Travel gift certificate?

Do any of the major travel cites (Orbitz, Priceline, Travelocity … ) sell gift certificates? We’d like to get one for a friend, but I can’t find mention of them on any of the sites. Am I just not seeing the obvious? Could they be called Travel Vouchers and I’m not searching correctly? Or do we need to go back to the drawing board gift-wise?

I did try … I’ve even called Priceline and Travelocity. But no luck yet. CYGTFM?



Okay, WTF?

I’ve now called Priceline, Expedia, Orbitz, Hotwire, and and none of them will take my money to give to someone else.

That’s a lot of 'no’s to be mere coincidence … or is it? Any idea why none of the services sell gift certificates?

This is just a WAG, but I would guess it has something to do with the fact that travel websites are essentially agents. When you book a flight or a hotel through such a website, you are not comissioning any services from them; instead, they will find the appropriate hotel and flight for you, act as intermediaries between the service provider and you, and will process the payment (deducting a commission for themselves before remitting the money to the service provider). Orbitz, for instance, makes it quite clear in its terms and conditions that when you book a flight or a hotel, you are contracting with a third-party supplier.

I could be mistaken, though - AFAIK, Amazon let you buy gift cards which you can also spend on Marketplace products, where, too, they are acting as intermediaries between you and third party suppliers.

Yeah, it’s a weird gap. You can get them for hotel chains and for cruises though.

You could look into the pre-paid credit cards from Visa or American Express. It’s essentially a gift card that can be used anywhere.

And by the way, CYGTFM? Huh?

I know a couple of low-cost airlines in the UK sell gift vouchers, but there is a major snag with them. This is because these airlines try to force everyone to book tickets on-line and (guess what) there is no way to use these vouchers by booking tickets that way. So you have to use their telephone booking service, where you will be faced by a hefty surcharge for not booking on-line.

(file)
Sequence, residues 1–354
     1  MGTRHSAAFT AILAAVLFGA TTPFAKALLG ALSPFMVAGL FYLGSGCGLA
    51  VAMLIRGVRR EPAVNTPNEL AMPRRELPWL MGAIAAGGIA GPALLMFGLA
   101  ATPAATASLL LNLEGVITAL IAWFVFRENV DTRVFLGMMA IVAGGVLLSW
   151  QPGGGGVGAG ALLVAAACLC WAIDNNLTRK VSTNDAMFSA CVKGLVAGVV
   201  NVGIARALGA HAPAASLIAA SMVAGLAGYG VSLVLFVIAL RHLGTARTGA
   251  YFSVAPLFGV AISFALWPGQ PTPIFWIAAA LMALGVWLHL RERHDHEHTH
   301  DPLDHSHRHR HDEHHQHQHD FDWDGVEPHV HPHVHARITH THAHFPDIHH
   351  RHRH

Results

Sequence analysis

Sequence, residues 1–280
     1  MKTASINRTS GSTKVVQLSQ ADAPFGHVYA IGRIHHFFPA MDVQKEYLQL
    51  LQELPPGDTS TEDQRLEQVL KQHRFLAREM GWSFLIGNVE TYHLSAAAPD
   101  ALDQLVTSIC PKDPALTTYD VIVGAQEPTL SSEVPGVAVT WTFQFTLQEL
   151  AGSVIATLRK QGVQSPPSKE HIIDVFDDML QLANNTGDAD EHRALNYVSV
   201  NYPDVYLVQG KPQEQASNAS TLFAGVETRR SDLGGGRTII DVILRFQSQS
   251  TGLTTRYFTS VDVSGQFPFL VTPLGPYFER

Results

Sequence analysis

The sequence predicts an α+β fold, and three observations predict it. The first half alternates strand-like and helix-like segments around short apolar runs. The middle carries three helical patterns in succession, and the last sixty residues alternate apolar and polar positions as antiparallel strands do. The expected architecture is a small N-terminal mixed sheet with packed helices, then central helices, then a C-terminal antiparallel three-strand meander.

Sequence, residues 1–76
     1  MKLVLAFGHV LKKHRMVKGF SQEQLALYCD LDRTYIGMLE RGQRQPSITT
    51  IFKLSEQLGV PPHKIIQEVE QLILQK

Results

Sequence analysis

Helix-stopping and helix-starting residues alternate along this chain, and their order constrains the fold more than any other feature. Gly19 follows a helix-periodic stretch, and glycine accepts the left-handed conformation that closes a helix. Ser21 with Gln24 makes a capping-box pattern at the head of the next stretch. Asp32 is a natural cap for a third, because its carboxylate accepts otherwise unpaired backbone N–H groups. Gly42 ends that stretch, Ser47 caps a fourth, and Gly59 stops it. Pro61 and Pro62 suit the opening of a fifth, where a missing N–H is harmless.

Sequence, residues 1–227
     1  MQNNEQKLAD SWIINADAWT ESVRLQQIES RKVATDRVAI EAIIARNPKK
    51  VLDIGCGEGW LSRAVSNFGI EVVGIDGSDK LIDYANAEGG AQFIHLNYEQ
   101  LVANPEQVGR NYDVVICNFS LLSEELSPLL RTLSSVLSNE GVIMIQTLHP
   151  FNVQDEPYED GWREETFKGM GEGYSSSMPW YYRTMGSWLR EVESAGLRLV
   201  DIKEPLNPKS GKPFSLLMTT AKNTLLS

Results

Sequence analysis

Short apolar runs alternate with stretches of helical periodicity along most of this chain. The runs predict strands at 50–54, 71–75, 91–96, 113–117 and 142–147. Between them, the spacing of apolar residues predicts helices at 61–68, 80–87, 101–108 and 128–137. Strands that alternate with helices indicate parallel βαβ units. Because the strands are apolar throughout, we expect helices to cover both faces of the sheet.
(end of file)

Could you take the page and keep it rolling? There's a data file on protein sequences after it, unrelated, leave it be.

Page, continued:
The Visa card is a good idea, but a bit non-specific. Not that big a deal, really, but there’s a subtle nuance between the two. Kind of the difference between “here’s a trip” and “here’s a giftcard, why don’t you take a trip?”

It’s amazing Priceline et al haven’t worked out the potential income stream from selling gift certificates. The upsell potential to the user is enormous.

Oh, I was looking for an answer that should have been easily found (but I couldn’t)–so CYGTFM? Could You Google That For Me?

Individual airlines offer gift cards. (Continental is left off of the linked list).

Hotel chains offer gift cards. Avis and Budget rental cars offer gift cards.

In my limited experience, you can get just as good of a deal or even better by purchasing airline tickets and hotels on the individual sites as you can from the 3rd party sites. YMMV.

I think Shnitte is right…it’s just too complicated for these resellers to be able to sell gift cards for their services.

Another alternative is to contact a local travel agent. Even if the big online agents aren’t set up for this, a local one might be or might do it informally.

Airlines sell Gift Certificates. Check the airline of your choice.

Travelocity offers gift cards, but they are good for hotels only, not for air fare, and you need to both purchase and redeem them at a different address than their regular site:

I’ve never bought a gift card there, but I have redeemed one, and it worked fine.

This is nothing against you, because I perfectly understand the motivation, but I still think that buying gift cards (not just for travel websites) is a very strange thing. Essentially, you give them money in exchange for something that has the same face value as money, but can only be spent at that place. Essentially, the purchase of the gift certificate is a very clear loss for the purchaser as well as the recipient of the gift: The money used to buy a gift card can be used to buy anything the gift card could also buy, plus an infinitely larger choice of other products as well. Clearly it is irrational to give gift cards rather than money. The only thing that keeps gift cards viable as a business model is this strange cultural perception in modern societies that while everything revolves around money, money is sumething not to be talked about and not really suitable for social contexts…it’s an interesting thing to think about.

I actually agree 100% with your basic premise, but I know that around here recently, many places are seemingly trying to get past our kind of thinking by making offers like “Buy our $50 Gift Card and we will throw in a bonus $10 card as a Thank You for your business” so essentially you are getting $60 worth of value for $50. These deals are very common here, especially for restaurants or nightclubs.

I might be a sucker, but that makes my natural reluctance to buy gift cards kind of slip away, as I am always looking for a deal or discount. Of course it’s only a bargain if the card is for somewhere that I (or the intended recipient) likes.

A lot of people in the US receive gift cards but never use them. I found one article that estimated that of the $97 billion spent on these cards in the US in 2007, $8 billion went unredeemed. So the retailers love that, as that $8 billion is pure profit. And even if a gift card is eventually redeemed, the retailer has earned interest in the interim.